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Michel Houellebecq

Author of our Times

Series:

John McCann

Michel Houellebecq is a French author whose profile in the English-speaking world is unusually high. He is an author who has put the humour back into the Absurd, without losing any of the awareness of the bleakness of the human condition. Undoubtedly one of the most trenchant satirists of our time, he deflates the projected utopias that we imagine protect us from the ills that beset us. More than many other novelists, his work is a reflection of the social and economic reality of life in a post-industrial society. Houellebecq shows a world of violence and tension, a world where people find it hard to be at ease, so that life becomes a process of disease. This book foregrounds Houellebecq’s scrutiny of our various attempts to confront and transcend the fundamental reality of the human condition, in particular the horror of death.

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Chapter 4 Plateforme : Writing about Sex-tourism 133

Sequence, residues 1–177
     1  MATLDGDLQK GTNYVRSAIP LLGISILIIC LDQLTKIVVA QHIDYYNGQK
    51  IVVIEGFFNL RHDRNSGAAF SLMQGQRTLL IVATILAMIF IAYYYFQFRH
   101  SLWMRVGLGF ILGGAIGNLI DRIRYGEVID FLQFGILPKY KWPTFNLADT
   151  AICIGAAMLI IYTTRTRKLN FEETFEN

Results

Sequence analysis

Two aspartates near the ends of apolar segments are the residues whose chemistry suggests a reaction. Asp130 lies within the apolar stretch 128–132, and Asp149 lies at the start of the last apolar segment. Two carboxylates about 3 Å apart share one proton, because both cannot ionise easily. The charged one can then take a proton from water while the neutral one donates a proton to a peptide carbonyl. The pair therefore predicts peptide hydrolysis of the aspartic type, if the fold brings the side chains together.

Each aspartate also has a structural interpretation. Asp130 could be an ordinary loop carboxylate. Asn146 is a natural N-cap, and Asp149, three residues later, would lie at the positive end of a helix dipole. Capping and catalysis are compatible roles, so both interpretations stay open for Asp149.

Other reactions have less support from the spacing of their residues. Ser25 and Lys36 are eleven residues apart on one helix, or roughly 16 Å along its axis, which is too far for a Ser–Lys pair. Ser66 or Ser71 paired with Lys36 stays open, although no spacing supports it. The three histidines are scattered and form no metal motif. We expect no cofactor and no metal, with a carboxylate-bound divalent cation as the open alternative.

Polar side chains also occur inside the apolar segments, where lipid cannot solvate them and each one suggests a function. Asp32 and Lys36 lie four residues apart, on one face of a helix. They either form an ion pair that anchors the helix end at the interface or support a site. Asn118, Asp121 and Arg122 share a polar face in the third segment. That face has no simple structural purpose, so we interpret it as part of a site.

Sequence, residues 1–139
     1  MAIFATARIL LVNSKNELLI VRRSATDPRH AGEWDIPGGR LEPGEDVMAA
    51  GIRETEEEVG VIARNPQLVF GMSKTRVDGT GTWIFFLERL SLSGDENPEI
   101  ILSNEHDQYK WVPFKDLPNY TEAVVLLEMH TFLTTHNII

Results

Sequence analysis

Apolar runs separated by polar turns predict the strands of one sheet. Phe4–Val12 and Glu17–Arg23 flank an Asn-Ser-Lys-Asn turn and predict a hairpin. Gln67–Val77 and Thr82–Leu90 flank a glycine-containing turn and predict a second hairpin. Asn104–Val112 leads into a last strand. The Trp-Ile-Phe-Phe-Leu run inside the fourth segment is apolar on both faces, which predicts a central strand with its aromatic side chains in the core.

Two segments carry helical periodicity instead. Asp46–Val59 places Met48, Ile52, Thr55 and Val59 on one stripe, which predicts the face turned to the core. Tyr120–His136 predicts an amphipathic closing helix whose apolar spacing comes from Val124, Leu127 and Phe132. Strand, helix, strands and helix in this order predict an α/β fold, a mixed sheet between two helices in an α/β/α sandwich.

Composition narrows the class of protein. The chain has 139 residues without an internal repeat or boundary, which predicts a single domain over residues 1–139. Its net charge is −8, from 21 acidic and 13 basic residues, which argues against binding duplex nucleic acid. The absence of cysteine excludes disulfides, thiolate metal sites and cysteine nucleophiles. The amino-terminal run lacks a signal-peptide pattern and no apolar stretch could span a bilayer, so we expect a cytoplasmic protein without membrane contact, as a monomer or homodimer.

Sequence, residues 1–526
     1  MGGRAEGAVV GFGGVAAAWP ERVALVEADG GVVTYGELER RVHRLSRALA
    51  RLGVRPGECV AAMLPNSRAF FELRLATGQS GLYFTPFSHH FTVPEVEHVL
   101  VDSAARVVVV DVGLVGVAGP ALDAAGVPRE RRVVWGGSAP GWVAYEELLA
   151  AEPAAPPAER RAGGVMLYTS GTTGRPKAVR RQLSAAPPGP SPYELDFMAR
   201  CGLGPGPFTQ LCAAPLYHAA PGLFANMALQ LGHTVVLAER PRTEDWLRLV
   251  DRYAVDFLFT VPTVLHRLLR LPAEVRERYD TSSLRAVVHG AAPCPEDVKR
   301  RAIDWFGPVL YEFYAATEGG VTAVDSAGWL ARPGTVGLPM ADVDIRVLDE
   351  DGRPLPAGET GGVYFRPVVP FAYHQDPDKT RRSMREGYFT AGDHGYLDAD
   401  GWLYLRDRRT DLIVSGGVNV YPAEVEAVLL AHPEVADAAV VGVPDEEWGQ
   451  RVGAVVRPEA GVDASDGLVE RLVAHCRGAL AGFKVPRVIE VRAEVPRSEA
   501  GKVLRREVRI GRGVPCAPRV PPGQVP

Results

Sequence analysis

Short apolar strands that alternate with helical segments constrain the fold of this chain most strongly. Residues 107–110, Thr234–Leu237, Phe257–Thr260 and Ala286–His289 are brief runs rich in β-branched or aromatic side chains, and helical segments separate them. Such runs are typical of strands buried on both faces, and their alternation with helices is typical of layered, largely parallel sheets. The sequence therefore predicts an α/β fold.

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Chapter 4 Plateforme : Writing about Sex-tourism Tourism is a combination of two elements: travel and hospitality. The travel element is an example of Delorme’s ‘voyage circulaire’ since tourism involves visiting places before returning to the point of origin (home) so that there is a lack of full engagement with a locality and its people. The level of engagement is further skewed by economic advantage since the tour- ist purchases hospitality. A visitor who comes from abroad may engage on terms whereby everything that is specific to the locality is accepted totally or, more likely, there may be a refusal to accept anything considered too foreign so that the local has to re-create at least some of the elements with which the incomer is familiar – as when restaurants in Turkey, for example, advertise a full English breakfast. The tourist has an economic advantage which the local provider must acknowledge. Sex-tourism exploits that economic advantage. It allows the visitor to exercise power not just over services but over bodies. It exploits the welcome at its most intimate and caring. It devalues the exchange between people of different cultures and makes of it a commercial transaction. Heidrun Friese’s describes the ideal of hospitality in the following terms: Hospitality enacts the deferment of definite belongings and evolves in a space that neither demands sacrifice nor the ‘pure gift’, nor calculates greedy use or predatory exploitation.1 One can trace point by point the ways in which the sex-tourists in Plate- forme violate the principles of...

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